Where Have All the Flowers Gone/When Will They Ever Learn?
They've gone to making wreaths. The Iraqi Slogger reports that some Sunnis in the Iraqi government "are reconsidering their ties to insurgents" following the bomb attacking against Deputy Prime Minister Salam Al-Zobai of the Accord Front. The most ironic aspect of this attack is that the principal suspect may have already been in Coalition custody before the al-Zobai intervened to release the man who would kill his brother, blow up his guests and nearly kill him.
Iraqi authorities detained several members of his security detail following the attack after Dhafir Al-Ani, a member of Al-Zobai’s bloc in parliament, said the suicide bomber was one of the deputy prime minister’s bodyguards. The Islamic State of Iraq, an umbrella group of extremist insurgent groups including Al-Qaeda in Iraq, claimed responsibility for the attack in an Internet statement. ...
An unnamed Iraqi security official had identified the suicide bomber as Weheb Al-Sa’di, a bodyguard of Al-Zobai who was in detention by Iraqi authorities on terrorism charges last year before the deputy prime minister intervened to secure his release. The state-run Al-Iraqiya TV confirmed the identity of the bomber, while Alaa’ Al-Zobai, the deputy prime minister’s brother, denied the reports in a statement to wire agencies.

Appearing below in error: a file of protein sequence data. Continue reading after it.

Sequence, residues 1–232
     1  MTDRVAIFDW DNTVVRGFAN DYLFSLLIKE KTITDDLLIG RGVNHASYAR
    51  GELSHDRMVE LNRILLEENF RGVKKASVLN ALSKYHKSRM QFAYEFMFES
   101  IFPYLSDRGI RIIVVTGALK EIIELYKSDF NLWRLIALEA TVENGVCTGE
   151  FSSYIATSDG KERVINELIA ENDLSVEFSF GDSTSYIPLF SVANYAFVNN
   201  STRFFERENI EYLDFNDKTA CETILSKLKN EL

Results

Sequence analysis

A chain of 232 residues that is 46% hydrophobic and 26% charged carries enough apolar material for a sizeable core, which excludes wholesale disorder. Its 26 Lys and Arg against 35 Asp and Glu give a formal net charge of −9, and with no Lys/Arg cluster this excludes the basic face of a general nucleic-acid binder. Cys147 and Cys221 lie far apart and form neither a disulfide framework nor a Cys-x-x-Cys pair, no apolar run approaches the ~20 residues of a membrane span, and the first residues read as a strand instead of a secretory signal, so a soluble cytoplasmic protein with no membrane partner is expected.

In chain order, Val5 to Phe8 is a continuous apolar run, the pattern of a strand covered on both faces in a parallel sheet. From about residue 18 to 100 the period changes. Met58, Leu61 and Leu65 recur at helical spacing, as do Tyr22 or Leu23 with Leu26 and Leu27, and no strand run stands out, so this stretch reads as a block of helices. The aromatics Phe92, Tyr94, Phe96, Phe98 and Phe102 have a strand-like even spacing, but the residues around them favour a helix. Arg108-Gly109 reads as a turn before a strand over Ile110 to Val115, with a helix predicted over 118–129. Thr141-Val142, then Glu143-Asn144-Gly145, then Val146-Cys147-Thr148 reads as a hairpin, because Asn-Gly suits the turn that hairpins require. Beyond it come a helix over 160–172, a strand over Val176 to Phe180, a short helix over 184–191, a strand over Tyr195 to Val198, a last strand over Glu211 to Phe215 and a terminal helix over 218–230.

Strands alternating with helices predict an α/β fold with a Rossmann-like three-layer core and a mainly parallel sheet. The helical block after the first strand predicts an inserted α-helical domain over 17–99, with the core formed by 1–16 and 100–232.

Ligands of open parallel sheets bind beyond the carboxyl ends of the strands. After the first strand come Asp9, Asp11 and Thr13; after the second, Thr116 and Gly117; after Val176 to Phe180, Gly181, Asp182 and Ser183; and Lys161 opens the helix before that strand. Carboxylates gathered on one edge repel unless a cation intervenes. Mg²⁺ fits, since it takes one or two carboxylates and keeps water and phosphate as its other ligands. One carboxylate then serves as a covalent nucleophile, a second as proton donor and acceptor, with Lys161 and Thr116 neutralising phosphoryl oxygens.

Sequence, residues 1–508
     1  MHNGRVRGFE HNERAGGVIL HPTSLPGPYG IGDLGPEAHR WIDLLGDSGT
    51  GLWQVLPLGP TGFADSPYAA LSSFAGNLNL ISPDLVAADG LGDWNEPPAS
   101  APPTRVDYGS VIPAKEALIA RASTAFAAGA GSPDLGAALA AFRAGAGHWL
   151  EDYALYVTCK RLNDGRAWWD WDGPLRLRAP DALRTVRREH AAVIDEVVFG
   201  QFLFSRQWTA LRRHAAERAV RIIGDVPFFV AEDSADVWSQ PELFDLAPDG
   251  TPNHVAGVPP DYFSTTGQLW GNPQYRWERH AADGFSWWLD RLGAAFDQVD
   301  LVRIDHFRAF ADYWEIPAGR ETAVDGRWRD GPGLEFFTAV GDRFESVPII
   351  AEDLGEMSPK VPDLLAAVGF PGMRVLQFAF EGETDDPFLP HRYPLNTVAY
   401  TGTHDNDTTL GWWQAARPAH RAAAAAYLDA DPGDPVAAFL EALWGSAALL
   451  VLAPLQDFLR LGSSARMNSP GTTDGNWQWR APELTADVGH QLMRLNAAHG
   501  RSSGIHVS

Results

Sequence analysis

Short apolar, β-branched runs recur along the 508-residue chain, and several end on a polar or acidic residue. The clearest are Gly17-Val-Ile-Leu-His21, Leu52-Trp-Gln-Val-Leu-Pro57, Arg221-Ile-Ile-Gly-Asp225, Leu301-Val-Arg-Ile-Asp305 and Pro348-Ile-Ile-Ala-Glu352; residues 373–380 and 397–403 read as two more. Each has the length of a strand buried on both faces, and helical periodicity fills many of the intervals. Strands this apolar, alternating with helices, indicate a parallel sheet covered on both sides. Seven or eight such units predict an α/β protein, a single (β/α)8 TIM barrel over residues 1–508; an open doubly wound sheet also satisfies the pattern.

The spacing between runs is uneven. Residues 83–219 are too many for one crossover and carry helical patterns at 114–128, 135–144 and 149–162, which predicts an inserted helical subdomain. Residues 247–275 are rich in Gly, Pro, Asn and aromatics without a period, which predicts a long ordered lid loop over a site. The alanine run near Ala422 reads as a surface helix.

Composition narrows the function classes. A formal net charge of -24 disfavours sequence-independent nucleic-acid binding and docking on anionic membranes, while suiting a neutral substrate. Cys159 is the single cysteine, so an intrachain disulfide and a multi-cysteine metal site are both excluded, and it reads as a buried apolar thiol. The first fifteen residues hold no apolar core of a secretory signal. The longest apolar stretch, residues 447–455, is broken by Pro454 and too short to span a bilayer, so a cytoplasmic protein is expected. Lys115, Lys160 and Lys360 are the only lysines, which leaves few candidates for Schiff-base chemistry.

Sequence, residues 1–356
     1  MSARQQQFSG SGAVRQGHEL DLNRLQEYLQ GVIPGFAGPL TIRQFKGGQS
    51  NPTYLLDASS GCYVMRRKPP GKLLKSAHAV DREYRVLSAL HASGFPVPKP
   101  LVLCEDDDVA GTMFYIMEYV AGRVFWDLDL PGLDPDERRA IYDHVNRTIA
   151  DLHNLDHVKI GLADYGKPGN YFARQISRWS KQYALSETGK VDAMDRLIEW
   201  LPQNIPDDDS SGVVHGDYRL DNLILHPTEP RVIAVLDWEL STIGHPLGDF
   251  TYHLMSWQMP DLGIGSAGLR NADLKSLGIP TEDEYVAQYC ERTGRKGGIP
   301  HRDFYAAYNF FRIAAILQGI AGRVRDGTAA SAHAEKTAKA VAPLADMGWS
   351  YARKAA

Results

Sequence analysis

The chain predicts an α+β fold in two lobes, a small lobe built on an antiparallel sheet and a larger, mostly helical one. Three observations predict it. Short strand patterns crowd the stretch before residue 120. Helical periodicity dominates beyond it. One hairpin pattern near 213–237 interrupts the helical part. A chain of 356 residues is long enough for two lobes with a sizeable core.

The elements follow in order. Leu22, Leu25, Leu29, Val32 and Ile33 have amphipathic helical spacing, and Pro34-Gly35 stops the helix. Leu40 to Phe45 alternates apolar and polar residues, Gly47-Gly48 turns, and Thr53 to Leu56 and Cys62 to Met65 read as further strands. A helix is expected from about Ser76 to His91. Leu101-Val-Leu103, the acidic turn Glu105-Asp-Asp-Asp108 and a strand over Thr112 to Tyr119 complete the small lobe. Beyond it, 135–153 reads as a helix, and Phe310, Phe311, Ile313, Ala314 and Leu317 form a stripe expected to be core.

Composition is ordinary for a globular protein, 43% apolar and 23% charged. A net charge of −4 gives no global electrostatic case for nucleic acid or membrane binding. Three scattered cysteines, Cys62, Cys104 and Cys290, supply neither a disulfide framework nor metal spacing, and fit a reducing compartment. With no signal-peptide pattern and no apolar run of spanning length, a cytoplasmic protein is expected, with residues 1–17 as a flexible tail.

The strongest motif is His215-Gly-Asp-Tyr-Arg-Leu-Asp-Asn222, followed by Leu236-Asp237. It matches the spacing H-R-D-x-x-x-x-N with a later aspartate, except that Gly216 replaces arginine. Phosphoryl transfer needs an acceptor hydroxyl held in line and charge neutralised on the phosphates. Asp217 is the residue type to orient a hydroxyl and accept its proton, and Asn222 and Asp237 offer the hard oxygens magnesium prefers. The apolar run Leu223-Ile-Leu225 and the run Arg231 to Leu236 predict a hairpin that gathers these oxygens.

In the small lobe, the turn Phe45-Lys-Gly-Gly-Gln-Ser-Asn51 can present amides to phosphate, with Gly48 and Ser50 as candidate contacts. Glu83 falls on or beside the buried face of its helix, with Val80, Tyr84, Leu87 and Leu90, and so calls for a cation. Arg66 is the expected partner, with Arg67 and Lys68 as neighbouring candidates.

But it is apparently not only the Sunnis who are having second thoughts about the durability of the "deals" they have cut with "militants". The Shi'ites are having troubles of their own.
The Islamic Fadhila Party issued an official statement accusing “hundreds of outlaw militants” using official security vehicles of carrying out the attacks against the party’s headquarters in Basrah Thursday, the Iraq News Agency reported. The statement hinted that the attacks were in response to the party’s decision to break away from the United Iraqi Alliance, the majority Shi’ite bloc in Iraqi parliament, and act as an independent bloc. It also revealed that party branches in Samawa and Suwayra were attacked days ago. The party held security forces in the Basrah Governorate full responsibility for failing to intervene and for the involvement of some of its “partisan” elements in the attacks. “The party is extremely pessimistic about the performance of security forces when it takes over security responsibilities from British troops,” the statement concluded.
Apparently politics in the Middle East and some Islamic countries is like herding cats. But cats are cuter. I wonder how long any deal made with Iran and Syria to cover a US disengagement would last?